The public perception should never contextualise it to a partisan preference as the steel, heft and ramrod posture of the Armed Forces is only guaranteed by the stoic ‘distance’ maintained by it, for a good reason. But such a publicly revered realm is also susceptible to misplaced and reckless sense of patriotism and political ‘muscularity’, as the institution can be reduced to a prop, photo-op and convenient backdrop under the garb of ‘sticking up for our armed forces’, as claimed by the military-ignoramuses like the previous POTUS, Donald Trump. Each element of the ‘uniform’ is a legacy, continuum with the fallen comrades and it embodies the never-say-die spirit of a professional soldier, that goes beyond vacuous posturing, bluster and theatrical photo-ops.
Importance Of The Fine Line Between ‘Civilian’ & ‘Uniform’ In Public Imagination
Herein, the recent murmurs of disquiet surrounding the adornment of the ‘uniform’ elements by the visiting dignitaries and senior governmental officials assumes significance, warrants introspection and insists of serious questioning beyond the rote debate of partisan one-upmanship.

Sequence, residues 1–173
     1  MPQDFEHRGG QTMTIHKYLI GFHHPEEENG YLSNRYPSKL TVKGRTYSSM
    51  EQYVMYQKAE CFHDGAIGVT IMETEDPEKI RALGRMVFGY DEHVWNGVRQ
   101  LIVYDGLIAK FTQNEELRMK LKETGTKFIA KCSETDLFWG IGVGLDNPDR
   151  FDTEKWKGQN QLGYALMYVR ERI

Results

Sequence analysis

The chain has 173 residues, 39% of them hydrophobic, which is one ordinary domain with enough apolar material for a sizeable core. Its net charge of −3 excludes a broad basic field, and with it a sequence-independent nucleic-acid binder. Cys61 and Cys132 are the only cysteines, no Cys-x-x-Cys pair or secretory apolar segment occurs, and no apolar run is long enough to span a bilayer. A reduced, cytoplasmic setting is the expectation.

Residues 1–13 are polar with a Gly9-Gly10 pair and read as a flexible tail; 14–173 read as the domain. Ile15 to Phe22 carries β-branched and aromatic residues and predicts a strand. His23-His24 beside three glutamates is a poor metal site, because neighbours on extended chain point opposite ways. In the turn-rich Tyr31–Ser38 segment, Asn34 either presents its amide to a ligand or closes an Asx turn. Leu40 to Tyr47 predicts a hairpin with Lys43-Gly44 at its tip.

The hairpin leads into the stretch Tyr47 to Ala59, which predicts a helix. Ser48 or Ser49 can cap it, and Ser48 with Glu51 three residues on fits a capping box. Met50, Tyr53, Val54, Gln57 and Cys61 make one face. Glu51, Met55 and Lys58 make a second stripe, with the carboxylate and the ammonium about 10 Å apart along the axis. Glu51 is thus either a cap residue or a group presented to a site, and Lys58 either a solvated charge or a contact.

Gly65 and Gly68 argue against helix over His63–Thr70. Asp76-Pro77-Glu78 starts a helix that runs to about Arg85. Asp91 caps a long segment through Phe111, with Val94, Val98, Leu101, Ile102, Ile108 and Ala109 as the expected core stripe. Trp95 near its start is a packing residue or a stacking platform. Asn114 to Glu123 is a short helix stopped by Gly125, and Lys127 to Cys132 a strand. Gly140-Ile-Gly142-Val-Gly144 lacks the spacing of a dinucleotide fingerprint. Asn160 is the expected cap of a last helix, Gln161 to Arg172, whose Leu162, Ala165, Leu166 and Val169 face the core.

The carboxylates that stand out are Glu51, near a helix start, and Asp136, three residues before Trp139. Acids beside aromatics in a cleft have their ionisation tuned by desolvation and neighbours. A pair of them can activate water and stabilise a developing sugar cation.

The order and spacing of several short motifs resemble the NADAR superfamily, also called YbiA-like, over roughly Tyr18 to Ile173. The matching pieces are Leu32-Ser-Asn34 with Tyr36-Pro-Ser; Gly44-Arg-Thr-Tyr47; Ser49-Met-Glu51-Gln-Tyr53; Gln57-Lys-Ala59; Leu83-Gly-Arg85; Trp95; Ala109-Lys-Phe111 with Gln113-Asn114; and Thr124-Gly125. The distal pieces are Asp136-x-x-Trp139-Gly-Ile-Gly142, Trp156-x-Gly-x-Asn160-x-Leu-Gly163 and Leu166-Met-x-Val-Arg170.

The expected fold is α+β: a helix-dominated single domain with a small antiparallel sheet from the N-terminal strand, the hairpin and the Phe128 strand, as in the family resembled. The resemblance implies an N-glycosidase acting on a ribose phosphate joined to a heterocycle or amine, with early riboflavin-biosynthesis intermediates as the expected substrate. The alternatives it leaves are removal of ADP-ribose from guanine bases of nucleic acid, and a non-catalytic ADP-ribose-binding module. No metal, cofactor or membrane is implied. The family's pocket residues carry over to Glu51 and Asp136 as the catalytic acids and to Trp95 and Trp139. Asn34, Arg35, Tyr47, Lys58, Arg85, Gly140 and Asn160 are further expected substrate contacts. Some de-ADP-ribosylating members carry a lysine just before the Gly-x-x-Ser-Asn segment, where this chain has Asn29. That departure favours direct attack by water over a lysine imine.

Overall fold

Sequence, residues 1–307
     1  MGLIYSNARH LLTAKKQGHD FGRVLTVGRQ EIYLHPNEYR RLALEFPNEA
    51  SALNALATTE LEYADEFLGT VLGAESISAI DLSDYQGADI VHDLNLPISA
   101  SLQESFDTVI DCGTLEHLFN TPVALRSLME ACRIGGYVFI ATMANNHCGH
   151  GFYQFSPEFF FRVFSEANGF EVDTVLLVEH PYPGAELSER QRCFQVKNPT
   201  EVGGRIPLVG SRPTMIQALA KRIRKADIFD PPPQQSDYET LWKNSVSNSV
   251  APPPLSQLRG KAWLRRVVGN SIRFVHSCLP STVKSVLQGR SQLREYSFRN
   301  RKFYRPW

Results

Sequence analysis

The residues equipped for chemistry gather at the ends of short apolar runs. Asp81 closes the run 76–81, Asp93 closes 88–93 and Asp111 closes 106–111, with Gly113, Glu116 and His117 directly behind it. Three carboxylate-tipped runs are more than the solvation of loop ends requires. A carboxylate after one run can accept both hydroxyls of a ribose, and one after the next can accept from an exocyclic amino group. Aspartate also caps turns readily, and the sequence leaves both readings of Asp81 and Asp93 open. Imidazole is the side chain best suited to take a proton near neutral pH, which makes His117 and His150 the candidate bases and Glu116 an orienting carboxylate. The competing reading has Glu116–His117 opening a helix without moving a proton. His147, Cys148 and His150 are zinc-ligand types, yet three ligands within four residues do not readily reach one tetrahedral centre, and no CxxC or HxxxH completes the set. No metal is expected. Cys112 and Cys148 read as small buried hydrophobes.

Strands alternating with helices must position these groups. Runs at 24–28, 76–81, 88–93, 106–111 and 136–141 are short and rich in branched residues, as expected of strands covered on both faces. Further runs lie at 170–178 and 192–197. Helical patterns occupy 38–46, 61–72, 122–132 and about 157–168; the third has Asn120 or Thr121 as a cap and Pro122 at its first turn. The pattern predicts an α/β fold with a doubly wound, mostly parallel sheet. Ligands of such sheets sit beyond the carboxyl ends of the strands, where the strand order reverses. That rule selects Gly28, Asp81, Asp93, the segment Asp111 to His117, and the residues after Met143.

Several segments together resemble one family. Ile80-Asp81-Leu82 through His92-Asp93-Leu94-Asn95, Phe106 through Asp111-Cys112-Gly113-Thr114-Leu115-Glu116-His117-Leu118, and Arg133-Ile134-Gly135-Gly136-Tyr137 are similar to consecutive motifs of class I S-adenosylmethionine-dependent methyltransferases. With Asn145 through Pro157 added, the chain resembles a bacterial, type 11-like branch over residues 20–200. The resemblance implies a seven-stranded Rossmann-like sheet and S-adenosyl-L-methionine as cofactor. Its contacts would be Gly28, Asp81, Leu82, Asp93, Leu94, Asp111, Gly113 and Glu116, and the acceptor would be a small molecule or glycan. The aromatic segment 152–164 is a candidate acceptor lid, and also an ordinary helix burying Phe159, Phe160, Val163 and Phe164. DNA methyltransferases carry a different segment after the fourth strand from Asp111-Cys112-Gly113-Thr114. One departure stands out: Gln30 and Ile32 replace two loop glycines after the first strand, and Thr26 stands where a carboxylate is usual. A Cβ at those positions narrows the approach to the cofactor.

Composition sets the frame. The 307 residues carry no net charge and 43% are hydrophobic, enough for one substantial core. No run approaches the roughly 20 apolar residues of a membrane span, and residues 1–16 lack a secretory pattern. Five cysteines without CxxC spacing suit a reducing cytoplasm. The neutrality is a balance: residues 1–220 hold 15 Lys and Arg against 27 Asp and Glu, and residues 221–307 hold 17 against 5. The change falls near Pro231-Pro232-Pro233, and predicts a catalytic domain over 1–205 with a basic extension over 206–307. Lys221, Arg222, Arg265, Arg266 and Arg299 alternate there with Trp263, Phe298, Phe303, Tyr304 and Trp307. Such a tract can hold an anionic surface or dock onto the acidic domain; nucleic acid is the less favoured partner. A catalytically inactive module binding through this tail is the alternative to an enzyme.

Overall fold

No individual, howsoever well-meaning, accomplished and senior in his/her individual capacity, should be allowed to take liberties with the institution, its ethos and therefore its ‘uniform’ – that is how great nations have persisted and retained the élan in their defence forces, otherwise they risk reducing it to portents of a political party.
India is a proud and thriving experiment in democracy with the firmly established principle of civilian supremacy over the military – this is both mandated and essential for the institution itself, and by extension, to the nation.
History teaches invaluable lessons in maintaining the fine line between the ‘civilian’ and the ‘uniform’ in public imagination and consciousness, as also of untellable consequences, whenever the twain has unfortunately started to merge, deliberately or inadvertently.
The extrapolative and reciprocal import of ‘Ike’ Eisenhower’s sagacious words that, “When you put on a uniform, there are certain inhibitions that you accept,” have perhaps, never been more relevant or pressing, than today.
(Lt Gen Bhopinder Singh (Retd) is a Former Lt Governor of Andaman and Nicobar Islands & Puducherry. This is an opinion piece and the views expressed above are the author’s own. The Quint neither endorses nor is responsible for the same.)